Banks today struggle to make money from electronic person-to-person payments, but some have a more distant goal in sight: they are counting on P2P as the foundation of mobile payments.

Electronic P2P is expanding and could ultimately amount to a market opportunity in the neighborhood of $80 billion to $120 billion, Paul Grill, a partner at First Annapolis Consulting, said in an interview.

But P2P by itself lacks a compelling business model and many leading providers offer it to consumers for free, Grill says.

"There is no clear path to driving revenue from P2P, let alone profits," he says.

In a study of 12 leading U.S. P2P providers conducted during the second quarter of this year, Grill found that most consumers use P2P to pay bills on an ad hoc basis, to pay micromerchants or to shift funds among family members.

The largest P2P networks leverage some 70 million consumer accounts associated with Bank of America Corp., JPMorgan Chase & Co. and Wells Fargo & Co, via the banks' clearXchange venture. PayPal Inc., a unit of eBay Inc., has about 50 million active U.S. accounts.

More than half of P2P services now enable new-customer registration entirely through a mobile device, while 75% of these offerings can fill in key information for payment recipients from a user's existing contact information. Both of these features ease adoption and drive use, Grill says.

Banks consider P2P a good basis for experimenting with mobile wallet technology, Grill says.

"In remote payment environments, apart from the point of sale, P2P may help consumers get used to using mobile phones to enter their credentials, register for payment services and use different transaction-verification processes, helping them walk through the steps of a mobile wallet-like interface," he says.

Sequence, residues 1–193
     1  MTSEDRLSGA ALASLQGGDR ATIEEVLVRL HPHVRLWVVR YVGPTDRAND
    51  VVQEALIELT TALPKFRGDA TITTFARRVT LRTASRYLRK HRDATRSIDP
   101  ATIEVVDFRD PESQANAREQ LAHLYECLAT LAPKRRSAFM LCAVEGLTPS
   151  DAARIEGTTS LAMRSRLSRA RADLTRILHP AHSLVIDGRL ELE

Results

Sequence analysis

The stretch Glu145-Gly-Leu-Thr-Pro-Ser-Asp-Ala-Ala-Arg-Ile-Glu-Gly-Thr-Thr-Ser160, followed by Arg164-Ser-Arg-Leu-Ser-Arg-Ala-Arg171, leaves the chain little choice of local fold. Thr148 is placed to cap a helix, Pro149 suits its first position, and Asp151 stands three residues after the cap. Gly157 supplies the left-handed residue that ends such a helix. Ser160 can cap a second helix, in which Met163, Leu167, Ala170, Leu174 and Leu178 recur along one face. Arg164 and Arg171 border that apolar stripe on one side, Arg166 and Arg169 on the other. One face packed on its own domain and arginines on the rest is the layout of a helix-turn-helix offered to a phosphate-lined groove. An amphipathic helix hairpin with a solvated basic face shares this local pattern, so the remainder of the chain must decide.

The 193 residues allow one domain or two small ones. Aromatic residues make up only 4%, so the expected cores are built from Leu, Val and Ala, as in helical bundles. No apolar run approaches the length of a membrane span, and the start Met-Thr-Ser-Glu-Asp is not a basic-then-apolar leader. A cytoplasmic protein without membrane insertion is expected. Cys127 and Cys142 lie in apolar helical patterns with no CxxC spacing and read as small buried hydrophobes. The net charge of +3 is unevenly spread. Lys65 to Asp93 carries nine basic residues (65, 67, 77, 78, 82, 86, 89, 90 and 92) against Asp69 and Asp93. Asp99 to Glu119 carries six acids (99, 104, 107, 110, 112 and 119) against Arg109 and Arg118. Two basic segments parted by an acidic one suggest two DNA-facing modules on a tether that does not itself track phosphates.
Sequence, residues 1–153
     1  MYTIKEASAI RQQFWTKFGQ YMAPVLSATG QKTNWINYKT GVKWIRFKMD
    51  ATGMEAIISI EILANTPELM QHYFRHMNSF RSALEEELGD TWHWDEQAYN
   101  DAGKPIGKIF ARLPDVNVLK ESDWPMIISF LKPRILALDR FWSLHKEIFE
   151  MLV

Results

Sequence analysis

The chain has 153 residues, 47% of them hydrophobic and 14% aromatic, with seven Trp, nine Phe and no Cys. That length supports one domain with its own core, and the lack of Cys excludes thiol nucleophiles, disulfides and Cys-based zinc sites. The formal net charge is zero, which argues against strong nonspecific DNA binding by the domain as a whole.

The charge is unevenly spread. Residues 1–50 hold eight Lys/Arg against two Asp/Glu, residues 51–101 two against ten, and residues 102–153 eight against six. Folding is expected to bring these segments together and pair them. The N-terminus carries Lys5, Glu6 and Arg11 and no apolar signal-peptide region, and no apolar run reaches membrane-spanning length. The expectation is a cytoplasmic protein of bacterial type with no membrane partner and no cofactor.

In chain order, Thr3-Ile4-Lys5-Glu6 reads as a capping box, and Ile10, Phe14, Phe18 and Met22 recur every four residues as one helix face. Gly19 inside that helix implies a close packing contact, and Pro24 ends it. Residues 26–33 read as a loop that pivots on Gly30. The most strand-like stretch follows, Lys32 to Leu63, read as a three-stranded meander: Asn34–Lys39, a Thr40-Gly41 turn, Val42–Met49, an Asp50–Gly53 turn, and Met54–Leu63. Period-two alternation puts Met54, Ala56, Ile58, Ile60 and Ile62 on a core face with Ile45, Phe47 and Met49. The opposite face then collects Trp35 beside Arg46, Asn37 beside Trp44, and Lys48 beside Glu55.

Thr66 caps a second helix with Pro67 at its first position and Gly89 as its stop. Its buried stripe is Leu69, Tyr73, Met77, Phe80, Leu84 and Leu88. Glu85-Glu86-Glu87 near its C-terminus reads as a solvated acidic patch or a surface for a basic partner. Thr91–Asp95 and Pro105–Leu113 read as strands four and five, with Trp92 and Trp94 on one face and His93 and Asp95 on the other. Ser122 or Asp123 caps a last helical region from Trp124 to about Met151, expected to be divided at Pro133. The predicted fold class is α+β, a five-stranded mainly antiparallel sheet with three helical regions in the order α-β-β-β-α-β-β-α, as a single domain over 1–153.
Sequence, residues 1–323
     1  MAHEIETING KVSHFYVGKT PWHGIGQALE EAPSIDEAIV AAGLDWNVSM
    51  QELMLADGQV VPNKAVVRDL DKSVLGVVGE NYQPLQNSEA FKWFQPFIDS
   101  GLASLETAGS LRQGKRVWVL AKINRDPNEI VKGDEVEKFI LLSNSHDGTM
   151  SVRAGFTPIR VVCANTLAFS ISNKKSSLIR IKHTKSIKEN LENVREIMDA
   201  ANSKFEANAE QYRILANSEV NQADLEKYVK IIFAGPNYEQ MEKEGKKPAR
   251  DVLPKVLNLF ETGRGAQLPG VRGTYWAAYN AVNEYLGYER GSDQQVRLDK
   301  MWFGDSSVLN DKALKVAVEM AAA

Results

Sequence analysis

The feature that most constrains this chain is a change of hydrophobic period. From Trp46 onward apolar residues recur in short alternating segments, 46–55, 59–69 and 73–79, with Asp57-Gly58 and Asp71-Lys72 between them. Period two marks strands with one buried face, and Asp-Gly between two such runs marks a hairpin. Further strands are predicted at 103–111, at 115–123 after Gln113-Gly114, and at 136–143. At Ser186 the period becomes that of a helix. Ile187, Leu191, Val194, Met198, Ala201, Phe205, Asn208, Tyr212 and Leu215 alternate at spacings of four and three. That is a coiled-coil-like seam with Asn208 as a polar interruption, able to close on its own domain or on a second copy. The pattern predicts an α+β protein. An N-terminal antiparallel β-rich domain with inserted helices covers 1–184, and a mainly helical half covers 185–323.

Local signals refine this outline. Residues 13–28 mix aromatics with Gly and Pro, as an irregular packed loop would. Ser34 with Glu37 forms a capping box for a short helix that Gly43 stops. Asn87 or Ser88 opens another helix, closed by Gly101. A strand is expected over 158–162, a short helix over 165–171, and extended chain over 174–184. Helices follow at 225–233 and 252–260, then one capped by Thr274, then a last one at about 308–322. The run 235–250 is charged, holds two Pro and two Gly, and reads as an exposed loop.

But most banks have not given P2P much of a marketing push, for a variety of reasons, Grill says. (JPMorgan Chase, which bought a Super Bowl ad to promote mobile P2P, is a clear exception.)

"There has been some promotion of P2P payments but in general the area still suffers from lack of visibility among consumers," he says.

Certain banks such as USAA are teaming up with PayPal to offer P2P, he notes, while others consider PayPal a competitor, Grill says.

"In the one sense, higher visibility of P2P could create opportunities for banks, but as its profile rises, that could benefit PayPal," he says.

While there may be no direct connection between today's P2P products and the mobile payment offerings still in development, "banks will continue to pursue P2P as a way to create stickiness with customers and build relationships that could be the foundation for introducing mobile payment later," Grill says.

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